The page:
Fourth thing, and then I swear I'm done: Before committing, Spearman participated in a hilarious Twitter game in which he basically turned fans of the schools competing for his commitment -- Iowa, Illinois, Syracuse, Minnesota -- against each other.  It was like Lord of the Flies in his mentions for a week, and then he committed to a program that won't let him even use Twitter.  The fact that we are deprived of his brilliance for the next three years is a travesty.

Oh, I almost forgot the fifth thing: He's a really damn good football player with the athletic talent and obvious drive to become one of the greats.  Barring injury or off-the-field issues, he'll be the starter on the weakside for the next two to three years.  And that's a very, very good thing for Iowa.

Madea Goes to Outside Linebacker

Travis Perry (#39, Junior (RS), 6'2, 233 lbs., Urbandale (IA) HS)

This is the only real question on the linebacker depth chart: Can walk-on Travis Perry play the most difficult position in Iowa's defense capably enough to hold off Josey Jewell?

Perry, like so many Iowa walk-ons, was recruited as a safety.  He held some FCS offers from the likes of Northern Iowa and Eastern Illinois, but no FBS program was interested enough to give him a full ride.  Perry accepted a preferred walk-on spot with the Hawkeyes over those FCS scholarship offers, then redshirted and put on 25 pounds.  He emerged from the cocoon a fully-formed linebacker, entered the two-deep in 2012, started next to Alston against Michigan that November, and spent last season as Christian Kirksey's apprentice and special teams dynamo.  He earned a scholarship, which is a fairly good sign that he'll be important this year.

Playing outside linebacker at Iowa is challenging.  The outside linebacker has coverage responsibilities on tight ends and slot receivers in most coverages, run support responsibilities on the strong side of the offensive formation, edge blitz assignments on occasion, and even some play contain duties.  It never registers as many tackles as the other two spots, and it's largely unheralded for that and the fact that a good cover linebacker is usually invisible.  We're fairly sure Perry can cover; he's a converted defensive back and has ample speed for most situations.  We're not so sure on the other fronts, mostly because we've never really seen him do it.  For what it's worth, Phil Parker was non-committal during the spring, mentioning Perry in the same breath as Jewell and praising Jewell's playmaking ability.  Will Perry start the year at outside linebacker?  He's the most experienced guy and the coaches' darling, so we're guessing so; ties go to the upperclassman two-time academic all-conference former walk-on weight room success story.  But if Jewell keeps progressing and Perry slips up, it could be a brief stay at the top.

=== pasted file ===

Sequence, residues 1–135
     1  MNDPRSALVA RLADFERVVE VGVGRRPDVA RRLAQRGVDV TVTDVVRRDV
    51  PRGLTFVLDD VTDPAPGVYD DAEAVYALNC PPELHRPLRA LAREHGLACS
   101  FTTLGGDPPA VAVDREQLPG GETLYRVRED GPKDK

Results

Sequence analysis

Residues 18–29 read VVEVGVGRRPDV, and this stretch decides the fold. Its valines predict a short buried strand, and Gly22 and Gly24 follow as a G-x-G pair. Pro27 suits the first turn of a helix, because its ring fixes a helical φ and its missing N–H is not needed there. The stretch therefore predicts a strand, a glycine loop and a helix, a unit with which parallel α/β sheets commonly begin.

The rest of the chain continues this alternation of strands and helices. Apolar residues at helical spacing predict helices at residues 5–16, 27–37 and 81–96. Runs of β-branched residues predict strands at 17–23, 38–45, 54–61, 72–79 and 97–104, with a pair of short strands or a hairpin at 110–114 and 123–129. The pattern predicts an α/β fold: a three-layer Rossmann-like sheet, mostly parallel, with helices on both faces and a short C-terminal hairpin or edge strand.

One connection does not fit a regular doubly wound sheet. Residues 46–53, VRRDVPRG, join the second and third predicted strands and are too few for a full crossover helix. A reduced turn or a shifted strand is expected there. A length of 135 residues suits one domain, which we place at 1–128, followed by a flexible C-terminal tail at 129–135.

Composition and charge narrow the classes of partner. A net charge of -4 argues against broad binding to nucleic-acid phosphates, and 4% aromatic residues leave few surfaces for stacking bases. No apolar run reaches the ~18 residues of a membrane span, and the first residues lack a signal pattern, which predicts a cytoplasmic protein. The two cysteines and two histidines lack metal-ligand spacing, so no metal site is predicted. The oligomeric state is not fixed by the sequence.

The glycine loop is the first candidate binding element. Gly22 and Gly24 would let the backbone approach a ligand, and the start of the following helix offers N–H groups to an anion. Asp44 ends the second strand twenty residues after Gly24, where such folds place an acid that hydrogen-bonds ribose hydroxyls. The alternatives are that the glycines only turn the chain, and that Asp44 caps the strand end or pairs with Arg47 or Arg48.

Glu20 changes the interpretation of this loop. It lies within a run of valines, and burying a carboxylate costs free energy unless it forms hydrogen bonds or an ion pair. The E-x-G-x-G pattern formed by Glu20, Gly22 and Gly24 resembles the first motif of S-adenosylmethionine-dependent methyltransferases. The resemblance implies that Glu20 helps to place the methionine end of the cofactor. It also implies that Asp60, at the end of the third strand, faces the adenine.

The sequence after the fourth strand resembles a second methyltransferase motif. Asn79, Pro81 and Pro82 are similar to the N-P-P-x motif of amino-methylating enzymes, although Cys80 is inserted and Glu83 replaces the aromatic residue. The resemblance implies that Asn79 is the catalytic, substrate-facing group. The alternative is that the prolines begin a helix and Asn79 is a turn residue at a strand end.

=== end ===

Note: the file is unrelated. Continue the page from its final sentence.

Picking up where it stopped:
While You Wait for the Others

Josey Jewell (#43, Freshman (RS), 6'2, 225 lbs., Decorah (IA) HS)

[O]ne of the guys, Jewell, has really showed up out there, just as a football player. He was an inside backer behind Q and Reggie, really as a backup Will. And we look at it and say, "Who is the guy going out and making plays?" You just watch the film and you just watch the guys running around on tape and you see him tracking guys down.

Somewhere, he's going to have to fit in our system, okay, because when you give that much effort and you attack the football the way he does and make plays the way he's done, he's going to probably show up. Does he know everything right now? Not yet, but he still has a long way to go.

That was Phil Parker after spring.  This guy is playing somewhere this year.

Chad Gilson (#50, Senior (RS), 6'1, 235 lbs., Urbandale (IA) HS)

The story of how Gilson got to Iowa is just a bit...ehhhh?  He spent three years playing linebacker at UNI (including a redshirt), recording 25 tackles and looking like a potential starter as a junior.  He then looked at Iowa's depth chart, saw that all three linebackers were leaving after 2013, and transferred to Iowa City knowing he would have to sit for a year.  During a post-spring interview, he used the phrase "saw an opportunity" and "take advantage of" repeatedly.  Which he did, and more power to him, and there's no harm in having a walk-on with college football experience.  It just feels like he wouldn't be here were it not for a chance to grab an open spot ahead of guys who have been here for longer.  I don't know.

Cole Fisher (#36, Junior (RS), 6'2, 233 lbs., Millard North HS (Omaha, NE))

Fisher was listed as an weakside linebacker, which is not exactly an ideal spot for a player who has never really broken through special teams duty and recorded his first career tackle 10 games into his third season with the program.  The buzz surrounding him as a redshirt freshman is gone; neither Parker nor Reid mentioned Fisher during their spring press conferences.  And now he's been passed by Spearman, a sophomore who only has room to improve.  He could move outside, but might run into Jewell on the way there.  He's a two-time academic all-B1G selection, but it might be a career in special teams if something doesn't change soon.

Laron Taylor (#51, Sophomore (RS), 6'0, 225 lbs., Cass Tech HS (Detroit))

Taylor's height makes it difficult to project him anywhere but the middle, and he was in second-team duty during spring practice next to Fisher and John Kenny.  It's probably the best spot to be in at the moment: Iowa is utilizing young linebackers everywhere else, and while Alston is locked in as the starter at MLB, Taylor could be in line for the job in 2015.

John Kenny (#47, Freshman (RS), 6'2, 225 lbs., Carmel (IN) HS)

Kenny was a big get for Iowa, and entered school early to participate last spring.  He had been projected on the outside.  The staff moved him to inside linebacker -- at Iowa, that means middle or weakside backer -- almost immediately, and the adjustment essentially required a redshirt.  He's now a likely weakside linebacker, and while that means he's blocked by Spearman for the time being, he's earning plaudits from the coaches to the point where he, like Jewell, will probably have to play somewhere soon.  Special teams looks most likely for 2014, but he'll likely start shuffling into the lineup in the near future.